February 12, 2010
Don’t Give a Broken Heart for Valentine’s Day
Animal lovers urged to avoid purchases that support puppy mills
Valentine's Day is not only that time where we recognize those who hold a special place in our heart, it's also one of the busiest days of the year for puppy sales after the winter holiday season. The Humane Society of the United States, the nation's largest animal protection organization, urges people who are thinking of giving a puppy as a gift to that special someone to think twice. And if you think that loved one is ready to welcome a pet into their home this holiday, make doubly certain that you are not unwittingly supporting the cruel "puppy mill" industry.
Instead, choose adoption and visit your local animal shelter. Wonderful dogs and cats are just waiting in shelters to find their forever home. Pet stores and online animal dealers cater to impulse purchases during the holidays, and most of their dogs come from puppy mills. Puppy mill dogs are generally kept in overcrowded cages with poor quality food, lack of socialization and minimal veterinary care, and too many suffer from an array of immediate health and long-term genetic problems.
"The recipient of your furry gift may not be ready for the commitment involved with the lifetime care of a pet," says Stephanie Shain, senior director of the puppy mills campaign for The HSUS. "The Humane Society of the United States braces itself every year for the upsetting calls that come in right after the holidays like Valentine's Day. Too often consumers do not do their homework and end up spending the holiday trying to save a sick animal instead of enjoying the festive occasion."
Simple advice: Don't purchase puppies from a pet store, from a Web site, from a classified ad — or from any source where you cannot be absolutely certain that you are dealing with a reputable breeder. The HSUS urges families to first consider adoption from local shelters or rescue groups, where healthy, loving animals need nothing so much as a happy family this holiday.
Puppy mills are mass breeding operations designed to maximize profits. As HSUS investigators and rescue teams have shown over and over again, operators of these facilities commonly disregard the physical, social and emotional health of the dogs. Sloppy mass breeding programs and poor living conditions cause puppies from puppy mills to have more physical and behavioral problems than dogs from reliable sources.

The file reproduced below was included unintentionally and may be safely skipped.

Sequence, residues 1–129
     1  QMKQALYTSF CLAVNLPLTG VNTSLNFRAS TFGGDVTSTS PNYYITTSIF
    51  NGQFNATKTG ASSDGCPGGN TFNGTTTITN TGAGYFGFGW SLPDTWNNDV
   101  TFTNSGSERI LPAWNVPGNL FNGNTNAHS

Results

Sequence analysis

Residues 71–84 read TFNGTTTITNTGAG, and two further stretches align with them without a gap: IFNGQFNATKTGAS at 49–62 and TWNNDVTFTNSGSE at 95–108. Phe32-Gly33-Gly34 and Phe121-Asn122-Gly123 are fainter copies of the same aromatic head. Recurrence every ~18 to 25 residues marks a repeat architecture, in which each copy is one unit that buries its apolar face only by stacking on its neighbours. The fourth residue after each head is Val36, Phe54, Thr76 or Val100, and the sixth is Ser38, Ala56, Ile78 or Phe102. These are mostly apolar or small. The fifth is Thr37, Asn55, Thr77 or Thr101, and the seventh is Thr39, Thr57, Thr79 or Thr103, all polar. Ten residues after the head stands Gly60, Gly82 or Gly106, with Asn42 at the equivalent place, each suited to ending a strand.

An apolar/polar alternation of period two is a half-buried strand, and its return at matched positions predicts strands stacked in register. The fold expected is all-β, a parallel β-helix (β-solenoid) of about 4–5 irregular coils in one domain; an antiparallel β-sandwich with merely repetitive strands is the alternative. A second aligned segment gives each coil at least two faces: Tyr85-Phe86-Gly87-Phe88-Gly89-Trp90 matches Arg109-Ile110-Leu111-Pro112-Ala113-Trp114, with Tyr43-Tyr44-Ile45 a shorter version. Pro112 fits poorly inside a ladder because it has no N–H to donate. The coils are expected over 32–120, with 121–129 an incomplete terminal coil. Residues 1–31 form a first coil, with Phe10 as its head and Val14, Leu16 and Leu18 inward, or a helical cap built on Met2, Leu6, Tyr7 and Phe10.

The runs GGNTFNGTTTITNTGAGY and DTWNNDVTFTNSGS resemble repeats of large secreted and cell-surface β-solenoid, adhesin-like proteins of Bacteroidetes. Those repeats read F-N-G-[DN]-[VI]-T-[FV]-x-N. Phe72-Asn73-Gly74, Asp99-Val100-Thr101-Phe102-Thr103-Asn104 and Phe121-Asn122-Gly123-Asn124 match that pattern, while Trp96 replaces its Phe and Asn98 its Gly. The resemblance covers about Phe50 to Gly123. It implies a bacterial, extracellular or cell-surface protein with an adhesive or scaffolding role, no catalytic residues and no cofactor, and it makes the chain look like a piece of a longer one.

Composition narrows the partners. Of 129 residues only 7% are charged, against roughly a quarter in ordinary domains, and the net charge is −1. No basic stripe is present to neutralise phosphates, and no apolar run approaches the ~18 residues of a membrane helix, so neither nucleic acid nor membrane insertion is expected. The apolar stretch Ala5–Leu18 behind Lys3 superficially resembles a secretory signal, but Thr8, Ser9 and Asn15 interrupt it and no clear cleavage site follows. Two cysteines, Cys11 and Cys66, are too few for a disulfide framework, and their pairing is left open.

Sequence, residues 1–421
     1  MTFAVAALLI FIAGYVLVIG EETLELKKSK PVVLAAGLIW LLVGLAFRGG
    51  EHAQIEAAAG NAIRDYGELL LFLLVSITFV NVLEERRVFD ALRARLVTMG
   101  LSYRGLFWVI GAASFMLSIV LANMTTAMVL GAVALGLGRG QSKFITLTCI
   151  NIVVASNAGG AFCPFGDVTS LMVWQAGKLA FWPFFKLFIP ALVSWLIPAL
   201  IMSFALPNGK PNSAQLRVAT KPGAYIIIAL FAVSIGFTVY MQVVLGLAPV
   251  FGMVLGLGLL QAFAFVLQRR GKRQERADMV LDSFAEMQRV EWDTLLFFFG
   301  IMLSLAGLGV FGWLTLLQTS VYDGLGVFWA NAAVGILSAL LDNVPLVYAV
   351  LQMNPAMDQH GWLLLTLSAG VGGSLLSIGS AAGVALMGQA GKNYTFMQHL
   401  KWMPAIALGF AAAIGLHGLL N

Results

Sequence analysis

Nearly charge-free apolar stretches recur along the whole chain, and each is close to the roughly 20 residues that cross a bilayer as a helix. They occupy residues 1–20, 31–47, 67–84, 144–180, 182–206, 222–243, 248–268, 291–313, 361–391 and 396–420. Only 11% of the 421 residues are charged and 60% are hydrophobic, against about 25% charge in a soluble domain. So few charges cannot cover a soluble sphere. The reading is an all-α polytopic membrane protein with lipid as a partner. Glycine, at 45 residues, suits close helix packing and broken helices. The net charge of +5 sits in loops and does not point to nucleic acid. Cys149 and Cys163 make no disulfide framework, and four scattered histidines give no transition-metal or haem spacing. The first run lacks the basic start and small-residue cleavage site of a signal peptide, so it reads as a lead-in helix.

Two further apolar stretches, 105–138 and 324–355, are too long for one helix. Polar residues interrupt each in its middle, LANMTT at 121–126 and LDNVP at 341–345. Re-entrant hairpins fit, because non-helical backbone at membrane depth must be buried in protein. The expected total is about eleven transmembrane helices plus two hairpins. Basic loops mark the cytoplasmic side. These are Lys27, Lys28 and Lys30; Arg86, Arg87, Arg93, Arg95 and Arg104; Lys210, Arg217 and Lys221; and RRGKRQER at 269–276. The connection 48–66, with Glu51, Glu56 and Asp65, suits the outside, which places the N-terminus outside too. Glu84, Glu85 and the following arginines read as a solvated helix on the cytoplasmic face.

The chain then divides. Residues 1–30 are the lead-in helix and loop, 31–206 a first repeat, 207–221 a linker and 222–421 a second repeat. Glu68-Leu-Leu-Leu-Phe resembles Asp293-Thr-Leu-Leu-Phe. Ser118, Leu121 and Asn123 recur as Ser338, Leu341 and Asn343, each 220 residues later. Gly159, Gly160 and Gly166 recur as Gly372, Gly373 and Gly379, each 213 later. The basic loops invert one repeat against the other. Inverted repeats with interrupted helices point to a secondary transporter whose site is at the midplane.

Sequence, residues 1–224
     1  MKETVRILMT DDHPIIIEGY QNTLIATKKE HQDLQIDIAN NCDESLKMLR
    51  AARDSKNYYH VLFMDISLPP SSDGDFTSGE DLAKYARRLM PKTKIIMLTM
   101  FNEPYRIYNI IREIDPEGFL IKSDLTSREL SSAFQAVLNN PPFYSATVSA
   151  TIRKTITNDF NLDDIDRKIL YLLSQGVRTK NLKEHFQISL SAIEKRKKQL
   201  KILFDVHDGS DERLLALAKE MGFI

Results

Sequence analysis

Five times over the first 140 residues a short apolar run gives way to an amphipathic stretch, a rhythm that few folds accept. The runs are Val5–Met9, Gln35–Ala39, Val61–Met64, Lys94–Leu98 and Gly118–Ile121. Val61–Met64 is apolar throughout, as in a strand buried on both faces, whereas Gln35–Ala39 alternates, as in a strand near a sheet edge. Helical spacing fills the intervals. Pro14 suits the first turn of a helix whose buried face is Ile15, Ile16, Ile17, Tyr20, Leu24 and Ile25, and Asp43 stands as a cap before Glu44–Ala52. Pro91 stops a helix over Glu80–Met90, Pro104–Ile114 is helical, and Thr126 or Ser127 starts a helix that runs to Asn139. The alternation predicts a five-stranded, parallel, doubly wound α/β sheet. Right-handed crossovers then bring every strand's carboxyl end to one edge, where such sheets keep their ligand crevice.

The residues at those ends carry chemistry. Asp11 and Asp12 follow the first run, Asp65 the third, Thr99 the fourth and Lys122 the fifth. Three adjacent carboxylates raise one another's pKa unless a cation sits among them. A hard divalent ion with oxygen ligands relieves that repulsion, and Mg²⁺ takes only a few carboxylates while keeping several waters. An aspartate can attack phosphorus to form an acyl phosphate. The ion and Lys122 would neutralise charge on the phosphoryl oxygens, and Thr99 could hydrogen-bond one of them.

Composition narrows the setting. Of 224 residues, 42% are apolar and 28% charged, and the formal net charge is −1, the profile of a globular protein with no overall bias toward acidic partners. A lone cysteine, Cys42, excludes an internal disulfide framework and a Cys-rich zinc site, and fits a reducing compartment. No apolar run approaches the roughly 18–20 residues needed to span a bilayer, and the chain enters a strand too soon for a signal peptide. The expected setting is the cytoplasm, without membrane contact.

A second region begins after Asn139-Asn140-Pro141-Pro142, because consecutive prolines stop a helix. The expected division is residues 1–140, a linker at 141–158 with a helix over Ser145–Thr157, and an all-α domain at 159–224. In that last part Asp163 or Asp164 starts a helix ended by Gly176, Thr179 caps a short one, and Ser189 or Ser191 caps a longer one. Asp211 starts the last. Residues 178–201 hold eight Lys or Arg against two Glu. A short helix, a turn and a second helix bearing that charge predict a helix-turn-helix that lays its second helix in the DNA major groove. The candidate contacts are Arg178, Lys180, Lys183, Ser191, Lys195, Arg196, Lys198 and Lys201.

If you do decide to purchase a puppy, deal only with a reputable breeder. You should visit the home in person to see how and where the puppy's mother is living. And please, make sure you and your family are ready for the responsibility of a lifetime commitment to a pet.
Puppy Mill Facts:
- Dogs at puppy mills typically receive little to no medical care, live in squalid conditions with no exercise, socialization or human interaction, and are confined inside cramped wire cages for life. Breeding dogs at puppy mills must endure constant breeding cycles and are destroyed or discarded once they can no longer produce puppies.
- The HSUS supports compassionate breeders who provide for their dog's physical and mental well-being. Quality breeders don't sell puppies through pet stores or over the Internet.
- Puppy mills contribute to the pet overpopulation problem, which results in millions of unwanted dogs euthanized at shelters every year.
For more information on how to adopt or find a good breeder, go to humanesociety.org/puppy.
Follow The Humane Society of the United States on Twitter.
The Humane Society of the United States is the nation's largest animal protection organization — backed by 11 million Americans, or one of every 28. For more than a half-century, The HSUS has been fighting for the protection of all animals through advocacy, education and hands-on programs. Celebrating animals and confronting cruelty — On the web at humanesociety.org.